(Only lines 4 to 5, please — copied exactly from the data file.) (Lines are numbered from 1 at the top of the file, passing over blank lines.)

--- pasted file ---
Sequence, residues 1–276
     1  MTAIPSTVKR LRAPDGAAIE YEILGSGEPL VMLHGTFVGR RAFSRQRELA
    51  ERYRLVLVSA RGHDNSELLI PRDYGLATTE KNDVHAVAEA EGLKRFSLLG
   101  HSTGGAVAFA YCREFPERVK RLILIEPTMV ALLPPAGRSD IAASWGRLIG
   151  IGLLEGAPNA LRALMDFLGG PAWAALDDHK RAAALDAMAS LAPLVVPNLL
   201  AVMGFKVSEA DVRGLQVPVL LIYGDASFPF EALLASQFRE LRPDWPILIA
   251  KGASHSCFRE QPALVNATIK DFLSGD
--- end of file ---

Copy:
   101  HSTGGAVAFA YCREFPERVK RLILIEPTMV ALLPPAGRSD IAASWGRLIG
   151  IGLLEGAPNA LRALMDFLGG PAWAALDDHK RAAALDAMAS LAPLVVPNLL